Running was never my thing. I always found it long, difficult and frankly, a little boring. I know some people feel the same way about cycling, my personal love in the multi-sport trinity, but I never quite got to that "runners high" you hear so much about to make me fall in love with it.
It's nothing personal against running. It's just a mental block.
And one that I'm working on breaking this week.
I have two weeks to prepare for my first real road race, the Shamrock Run on March 1. I've been involved in other races before, but as a walker who was participating more in support of the charity than in testing my athletic capabilities.
Since I started my triathlon training all of my running workouts have been done inside on a treadmill.
Monday, I took my run outside.
I'd say it was oh so much fun, but the sarcasm wouldn't properly translate over the Internet.
With a flexible schedule, I was able to play the weather and ventured out my front door mid-morning. I had two watches strapped to my wrist (one acting as my heart rate monitor, one acting as my timer), my cold gear Under Armour on and my trusty iPod set to medley of Bangles, Britney and Kelly Clarkson.
My coach told me to run an easy pace, which is actually the only pace I know how to run. Despite my two-watch set up, I don't have any of the fancy gadgets available to tell me what my pace or distance is. I ran for 30 minutes at a pace that felt akin to what I've been doing inside.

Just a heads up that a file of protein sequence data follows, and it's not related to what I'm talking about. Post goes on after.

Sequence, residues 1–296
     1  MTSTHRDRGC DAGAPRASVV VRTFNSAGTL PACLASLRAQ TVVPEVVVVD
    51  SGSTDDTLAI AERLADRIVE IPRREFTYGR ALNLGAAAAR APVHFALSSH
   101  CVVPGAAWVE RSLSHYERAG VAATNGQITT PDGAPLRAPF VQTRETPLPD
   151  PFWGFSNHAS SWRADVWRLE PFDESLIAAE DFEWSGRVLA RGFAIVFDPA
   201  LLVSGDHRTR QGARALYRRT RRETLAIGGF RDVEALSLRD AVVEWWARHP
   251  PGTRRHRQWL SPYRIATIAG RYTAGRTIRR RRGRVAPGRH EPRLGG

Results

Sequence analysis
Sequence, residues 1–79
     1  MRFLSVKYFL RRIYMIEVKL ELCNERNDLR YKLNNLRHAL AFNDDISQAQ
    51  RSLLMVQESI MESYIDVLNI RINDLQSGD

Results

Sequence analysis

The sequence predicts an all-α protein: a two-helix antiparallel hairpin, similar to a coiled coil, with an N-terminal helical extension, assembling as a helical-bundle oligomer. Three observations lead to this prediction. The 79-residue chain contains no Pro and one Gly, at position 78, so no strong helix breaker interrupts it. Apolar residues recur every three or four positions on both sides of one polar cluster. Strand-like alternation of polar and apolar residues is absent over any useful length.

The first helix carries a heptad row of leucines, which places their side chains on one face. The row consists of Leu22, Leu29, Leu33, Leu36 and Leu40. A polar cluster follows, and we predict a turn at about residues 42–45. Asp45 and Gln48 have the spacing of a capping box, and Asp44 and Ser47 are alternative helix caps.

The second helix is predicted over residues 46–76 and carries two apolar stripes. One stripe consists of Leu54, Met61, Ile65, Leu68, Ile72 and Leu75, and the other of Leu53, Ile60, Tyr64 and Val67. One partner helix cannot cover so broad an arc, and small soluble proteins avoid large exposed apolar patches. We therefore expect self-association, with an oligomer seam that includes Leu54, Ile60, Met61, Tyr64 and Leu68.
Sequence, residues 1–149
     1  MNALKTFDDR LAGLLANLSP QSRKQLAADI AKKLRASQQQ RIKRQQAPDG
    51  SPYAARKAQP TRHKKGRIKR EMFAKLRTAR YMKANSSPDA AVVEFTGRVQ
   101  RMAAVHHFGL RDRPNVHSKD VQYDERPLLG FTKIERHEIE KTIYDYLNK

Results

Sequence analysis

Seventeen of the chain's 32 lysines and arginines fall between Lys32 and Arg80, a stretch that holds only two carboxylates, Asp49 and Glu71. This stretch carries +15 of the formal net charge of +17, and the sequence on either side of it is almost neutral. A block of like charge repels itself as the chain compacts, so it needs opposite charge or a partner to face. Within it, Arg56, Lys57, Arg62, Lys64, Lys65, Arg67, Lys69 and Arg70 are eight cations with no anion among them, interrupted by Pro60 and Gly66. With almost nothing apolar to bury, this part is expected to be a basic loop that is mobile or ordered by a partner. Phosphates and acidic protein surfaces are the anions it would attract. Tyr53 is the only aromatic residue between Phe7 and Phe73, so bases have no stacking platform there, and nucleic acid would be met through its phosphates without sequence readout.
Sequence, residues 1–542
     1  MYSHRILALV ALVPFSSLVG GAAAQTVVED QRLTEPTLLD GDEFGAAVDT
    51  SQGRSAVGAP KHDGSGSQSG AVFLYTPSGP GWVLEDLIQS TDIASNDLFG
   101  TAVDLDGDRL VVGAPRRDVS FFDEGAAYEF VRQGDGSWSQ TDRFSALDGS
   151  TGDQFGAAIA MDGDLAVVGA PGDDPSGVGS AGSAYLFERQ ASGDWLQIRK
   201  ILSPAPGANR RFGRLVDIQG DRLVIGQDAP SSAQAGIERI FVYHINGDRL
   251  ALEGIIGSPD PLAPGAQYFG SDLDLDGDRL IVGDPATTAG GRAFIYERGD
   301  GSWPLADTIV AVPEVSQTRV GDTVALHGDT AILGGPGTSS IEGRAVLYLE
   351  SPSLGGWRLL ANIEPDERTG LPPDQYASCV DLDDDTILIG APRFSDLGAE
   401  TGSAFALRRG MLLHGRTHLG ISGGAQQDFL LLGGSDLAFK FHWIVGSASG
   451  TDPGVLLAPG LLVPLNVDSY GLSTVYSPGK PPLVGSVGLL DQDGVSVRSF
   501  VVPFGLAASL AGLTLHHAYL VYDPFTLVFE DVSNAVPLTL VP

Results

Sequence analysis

Of course, half my run this time was against a headwind and my nose doesn't usually run this much when I'm at the gym.
It wasn't pretty, but as I try to let go of my idea of perfection so too goes my idea of winning style points. I ran for 30 minutes. I didn't stop to walk. I even hit all the traffic signals at the right time.
That's not to say my easy pace was, well, easy. There were times I wanted to stop. My fingers were cold. The wind in my face was unpleasant. And my heart rate was running pretty high.
Still, I got through it. I didn't stop. I didn't collapse. I didn't even need a nap afterward. I even came dangerously close feeling a runner's high, though I think it was more the euphoria of surviving than the work of the endorphins.
Here's the thing: By the time the Shamrock Run comes around, I'll have several outdoor runs under my Under Armour (so to speak). I won't be a seasoned runner by that point, but if I keep the right frame of mind, let go of trying to be perfect and stop comparring myself to others around me, I'll run the best race I can at this particular moment in time.
And that makes the runny noses worth the effort.